Basically, home prices exceeded pay raises in five of the eight counties, making affordability tough. And just more evidence of inflation worries, say many economists.

Affordability has increased to the highest level since third-quarter 2008. Sound familiar? Yep, that is the middle of the Great Recession, prompted by the boom-to-bust housing market and a plunge in the value of many mortgage-backed securities. 

“Affordability keeps inching in the wrong direction as the housing market boom keeps roaring ahead,” says Todd Teta, chief product officer with ATTOM Data “That’s pushing average workers closer and closer to the point where lenders might be reluctant to give them a mortgage. With much still uncertain about how the pandemic and many other forces could still affect the economy, affordability remains a crucial measure of market stability that could easily keep going in the same direction or swing back the other way.”

Affordability by major markets in California (ranked by median price)
CountyAnnual income% of wages to buyMedian pricePrice growthWage growth
San Francisco$165,88040.7%$1.39 million-2%28%
Santa Clara$170,59936.7%$1.3 million6%22%
Los Angeles$74,23050%$757,00010%9%
San Diego$73,33347.2%$710,00011%13%
Inland Empire$51,76651.1%$520,00020%10%
Source: ATTOM Data Solutions
assorted color wall paint house photo
Photo by Jessica Bryant on Pexels.com

Getting a jump on Uncle Sam to help borrowers

Several mortgage lenders are anticipating higher lending limits from Uncle Sam in the next several weeks, raising their so-called “conforming loans” in recent days.

Fast-rising home prices — up 17% in August compared to a year ago, and 34% since August 2019 — are causing PennyMac, United Wholesale Mortgage, Rocket Cos., Finance of America Mortgage, Homepoint and a few others to increase their lending limits. 

The action benefits home buyers and homeowners looking to refinance since they can qualify for conforming loans and avoid jumbo loans, which are harder to qualify for and have higher interest rates because they’re not guaranteed by Fannie Mae or Freddie Mac. 

Nationwide — and in much of California — the conforming loan limit is $548,250. But in higher-priced counties, think Marin and Orange, the limit is raised to $822,000. 

In August, the median home price was $828,000 in California. Only about half of California counties have median home prices below the $649,250 conforming loan limit.

Of course, borrowers should contact their mortgage provider for the latest information on conforming loan limits and whether they qualify, or if they need to opt for a jumbo loan.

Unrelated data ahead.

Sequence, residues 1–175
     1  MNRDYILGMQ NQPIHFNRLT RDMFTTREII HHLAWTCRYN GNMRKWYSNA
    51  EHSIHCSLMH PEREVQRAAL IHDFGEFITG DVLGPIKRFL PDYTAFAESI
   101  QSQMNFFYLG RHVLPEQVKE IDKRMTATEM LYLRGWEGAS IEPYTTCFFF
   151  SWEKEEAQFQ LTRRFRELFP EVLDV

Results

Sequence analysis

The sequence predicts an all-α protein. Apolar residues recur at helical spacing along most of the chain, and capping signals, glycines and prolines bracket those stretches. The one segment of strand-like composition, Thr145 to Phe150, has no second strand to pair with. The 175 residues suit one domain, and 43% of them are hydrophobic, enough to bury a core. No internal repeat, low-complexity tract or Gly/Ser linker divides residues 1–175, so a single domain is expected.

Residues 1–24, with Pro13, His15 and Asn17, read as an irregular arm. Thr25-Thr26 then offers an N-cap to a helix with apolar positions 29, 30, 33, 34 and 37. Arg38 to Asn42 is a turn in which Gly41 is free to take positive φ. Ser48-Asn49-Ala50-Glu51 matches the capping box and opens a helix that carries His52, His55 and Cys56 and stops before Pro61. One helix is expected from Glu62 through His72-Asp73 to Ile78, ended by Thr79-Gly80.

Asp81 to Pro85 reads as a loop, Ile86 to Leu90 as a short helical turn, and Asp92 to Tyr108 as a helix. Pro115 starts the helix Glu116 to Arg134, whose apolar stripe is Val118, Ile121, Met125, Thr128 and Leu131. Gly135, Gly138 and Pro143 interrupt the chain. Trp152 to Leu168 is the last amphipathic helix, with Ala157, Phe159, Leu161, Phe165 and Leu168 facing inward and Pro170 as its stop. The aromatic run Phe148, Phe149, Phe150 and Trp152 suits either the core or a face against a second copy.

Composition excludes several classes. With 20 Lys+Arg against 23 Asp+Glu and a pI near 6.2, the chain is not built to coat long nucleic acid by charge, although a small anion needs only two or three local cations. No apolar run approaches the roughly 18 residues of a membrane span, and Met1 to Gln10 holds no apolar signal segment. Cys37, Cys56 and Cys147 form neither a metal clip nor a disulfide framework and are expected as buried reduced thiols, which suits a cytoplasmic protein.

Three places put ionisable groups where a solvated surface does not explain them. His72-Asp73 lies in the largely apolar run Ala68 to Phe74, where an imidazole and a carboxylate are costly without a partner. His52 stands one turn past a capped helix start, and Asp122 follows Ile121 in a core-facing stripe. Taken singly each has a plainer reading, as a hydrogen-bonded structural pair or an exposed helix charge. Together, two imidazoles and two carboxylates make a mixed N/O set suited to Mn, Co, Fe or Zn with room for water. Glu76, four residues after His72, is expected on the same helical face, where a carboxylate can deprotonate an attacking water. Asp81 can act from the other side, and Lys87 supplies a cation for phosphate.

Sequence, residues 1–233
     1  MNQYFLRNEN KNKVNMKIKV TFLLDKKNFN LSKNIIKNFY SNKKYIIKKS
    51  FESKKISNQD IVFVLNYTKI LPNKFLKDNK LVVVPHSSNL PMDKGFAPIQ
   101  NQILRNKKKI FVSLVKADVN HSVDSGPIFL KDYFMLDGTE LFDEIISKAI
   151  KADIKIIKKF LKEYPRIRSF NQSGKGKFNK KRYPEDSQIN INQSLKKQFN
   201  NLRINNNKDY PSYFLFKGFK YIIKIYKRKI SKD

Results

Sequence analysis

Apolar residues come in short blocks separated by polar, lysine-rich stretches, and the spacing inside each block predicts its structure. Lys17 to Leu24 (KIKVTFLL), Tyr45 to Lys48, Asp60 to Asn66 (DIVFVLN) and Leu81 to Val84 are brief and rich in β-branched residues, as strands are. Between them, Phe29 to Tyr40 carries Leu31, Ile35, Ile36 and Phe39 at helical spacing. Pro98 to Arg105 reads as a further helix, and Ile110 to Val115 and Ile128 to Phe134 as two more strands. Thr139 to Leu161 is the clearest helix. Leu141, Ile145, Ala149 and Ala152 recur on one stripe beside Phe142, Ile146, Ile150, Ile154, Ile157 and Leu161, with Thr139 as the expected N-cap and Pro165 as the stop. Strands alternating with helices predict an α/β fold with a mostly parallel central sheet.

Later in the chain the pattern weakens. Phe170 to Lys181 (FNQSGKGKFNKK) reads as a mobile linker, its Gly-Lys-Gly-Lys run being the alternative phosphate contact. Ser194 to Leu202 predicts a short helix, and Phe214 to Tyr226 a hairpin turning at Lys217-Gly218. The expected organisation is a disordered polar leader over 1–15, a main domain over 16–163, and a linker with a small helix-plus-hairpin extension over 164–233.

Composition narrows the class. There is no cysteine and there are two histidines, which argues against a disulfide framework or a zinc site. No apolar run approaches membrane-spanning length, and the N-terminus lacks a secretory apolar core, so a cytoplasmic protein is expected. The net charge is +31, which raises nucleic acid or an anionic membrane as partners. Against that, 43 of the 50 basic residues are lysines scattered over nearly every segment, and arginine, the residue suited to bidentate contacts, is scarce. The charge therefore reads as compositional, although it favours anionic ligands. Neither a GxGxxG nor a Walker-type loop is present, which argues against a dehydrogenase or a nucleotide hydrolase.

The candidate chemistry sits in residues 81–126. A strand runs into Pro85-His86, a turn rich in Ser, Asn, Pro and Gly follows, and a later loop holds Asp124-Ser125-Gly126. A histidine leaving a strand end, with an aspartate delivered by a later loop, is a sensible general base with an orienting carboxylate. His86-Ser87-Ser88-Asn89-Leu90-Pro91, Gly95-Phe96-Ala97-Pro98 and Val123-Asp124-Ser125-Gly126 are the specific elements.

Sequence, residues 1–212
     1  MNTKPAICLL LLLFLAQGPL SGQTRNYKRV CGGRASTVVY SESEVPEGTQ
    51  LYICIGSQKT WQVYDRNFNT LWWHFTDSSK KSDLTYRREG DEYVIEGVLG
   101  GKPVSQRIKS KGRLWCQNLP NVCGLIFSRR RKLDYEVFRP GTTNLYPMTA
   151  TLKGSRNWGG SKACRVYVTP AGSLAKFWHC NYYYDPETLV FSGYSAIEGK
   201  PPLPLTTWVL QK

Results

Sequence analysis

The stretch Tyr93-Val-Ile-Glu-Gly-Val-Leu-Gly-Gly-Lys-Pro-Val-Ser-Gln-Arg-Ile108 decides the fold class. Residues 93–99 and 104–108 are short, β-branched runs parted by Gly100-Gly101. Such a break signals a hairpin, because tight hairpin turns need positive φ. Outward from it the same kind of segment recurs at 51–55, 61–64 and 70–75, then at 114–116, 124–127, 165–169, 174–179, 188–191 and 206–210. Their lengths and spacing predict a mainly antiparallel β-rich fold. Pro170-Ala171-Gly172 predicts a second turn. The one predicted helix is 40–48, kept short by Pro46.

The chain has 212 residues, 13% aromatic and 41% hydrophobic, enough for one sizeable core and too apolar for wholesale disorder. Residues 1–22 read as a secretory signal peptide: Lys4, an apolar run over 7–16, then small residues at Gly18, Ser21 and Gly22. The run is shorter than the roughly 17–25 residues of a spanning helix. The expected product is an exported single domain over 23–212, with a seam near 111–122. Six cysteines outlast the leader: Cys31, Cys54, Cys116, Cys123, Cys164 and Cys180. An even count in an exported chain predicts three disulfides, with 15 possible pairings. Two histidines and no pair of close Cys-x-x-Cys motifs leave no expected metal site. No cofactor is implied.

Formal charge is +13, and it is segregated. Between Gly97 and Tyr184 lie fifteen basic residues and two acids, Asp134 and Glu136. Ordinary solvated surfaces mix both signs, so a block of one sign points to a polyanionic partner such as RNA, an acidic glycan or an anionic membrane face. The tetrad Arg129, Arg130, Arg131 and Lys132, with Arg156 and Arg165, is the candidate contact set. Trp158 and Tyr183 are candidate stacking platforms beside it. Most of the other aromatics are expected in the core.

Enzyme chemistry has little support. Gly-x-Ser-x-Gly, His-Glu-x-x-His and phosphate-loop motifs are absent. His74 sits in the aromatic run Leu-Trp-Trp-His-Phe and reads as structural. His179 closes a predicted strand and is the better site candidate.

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Closing costs increase, but percentage of the transaction declines 

Closing costs, an often-overlooked part of the home buying process, are increasing with the higher home prices.

And the additional dollars needed to close the deal are just one more reason why affordability continues to slide. 

California has the fourth-highest closing costs, excluding taxes, in the nation at $5,772 — almost $2,000 more than the national average during the first half of the year, according to ClosingCorp

But the state’s closing cost percentage increase is smaller than the national average. Closing costs have increased 7.6% percent during the past year in California, much less than the 10.5% jump nationwide, according to ClosingCorp.

The San Diego-based company’s cost calculations include a lender’s title policy, the owner’s title policy, appraisal, settlement, recording fees, land surveys and the transfer tax.

Home prices soar, percentage slips

While closing costs increase, the percentage of closing costs based on home prices declined in the first half from a year ago. In California, closing costs were 0.74% of the price of the home ($780,000) during the first half of 2021, compared to 0.79% a year ago.

“So, in addition to keeping up with high demand, the mortgage industry is doing a good job holding down the costs it can control,” says ClosingCorp CEO Bob Jennings.

Perhaps, but as mentioned in the previous item, affordability is a critical issue in California, especially for low- and middle-income families.

Ron Trujillo

Ron Trujillo

Longtime business journalist-turned-communications executive who enjoys reporting on residential real estate in his spare time.